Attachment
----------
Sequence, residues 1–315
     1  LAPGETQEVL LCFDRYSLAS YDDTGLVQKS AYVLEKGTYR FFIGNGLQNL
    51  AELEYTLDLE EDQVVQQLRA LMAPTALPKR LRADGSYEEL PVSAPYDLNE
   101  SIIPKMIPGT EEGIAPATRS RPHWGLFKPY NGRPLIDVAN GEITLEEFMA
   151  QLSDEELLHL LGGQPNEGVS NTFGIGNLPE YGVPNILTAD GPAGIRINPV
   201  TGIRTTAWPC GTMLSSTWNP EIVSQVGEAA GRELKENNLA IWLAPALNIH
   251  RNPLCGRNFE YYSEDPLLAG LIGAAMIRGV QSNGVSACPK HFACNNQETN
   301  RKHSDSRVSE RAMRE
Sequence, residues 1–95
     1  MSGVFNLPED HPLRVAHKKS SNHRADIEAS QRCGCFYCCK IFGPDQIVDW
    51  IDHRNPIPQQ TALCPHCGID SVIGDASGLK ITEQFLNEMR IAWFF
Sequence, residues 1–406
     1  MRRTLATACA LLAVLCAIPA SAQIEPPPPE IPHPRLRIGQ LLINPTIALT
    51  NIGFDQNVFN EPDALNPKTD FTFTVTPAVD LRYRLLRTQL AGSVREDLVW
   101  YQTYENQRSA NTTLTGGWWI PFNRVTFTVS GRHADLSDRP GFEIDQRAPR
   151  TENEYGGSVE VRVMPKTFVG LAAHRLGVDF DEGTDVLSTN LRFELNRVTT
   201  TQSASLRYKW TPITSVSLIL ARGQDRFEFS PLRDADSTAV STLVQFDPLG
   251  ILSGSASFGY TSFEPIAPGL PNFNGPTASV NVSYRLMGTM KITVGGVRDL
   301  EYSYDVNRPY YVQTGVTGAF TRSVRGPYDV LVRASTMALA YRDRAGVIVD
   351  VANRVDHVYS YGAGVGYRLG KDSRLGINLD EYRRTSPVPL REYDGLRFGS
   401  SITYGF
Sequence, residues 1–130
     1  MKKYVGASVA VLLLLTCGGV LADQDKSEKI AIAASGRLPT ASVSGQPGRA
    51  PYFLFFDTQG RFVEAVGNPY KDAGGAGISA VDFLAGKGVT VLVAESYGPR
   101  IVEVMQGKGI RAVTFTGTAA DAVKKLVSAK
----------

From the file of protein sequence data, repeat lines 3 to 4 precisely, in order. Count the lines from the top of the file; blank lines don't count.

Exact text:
    51  AELEYTLDLE EDQVVQQLRA LMAPTALPKR LRADGSYEEL PVSAPYDLNE
   101  SIIPKMIPGT EEGIAPATRS RPHWGLFKPY NGRPLIDVAN GEITLEEFMA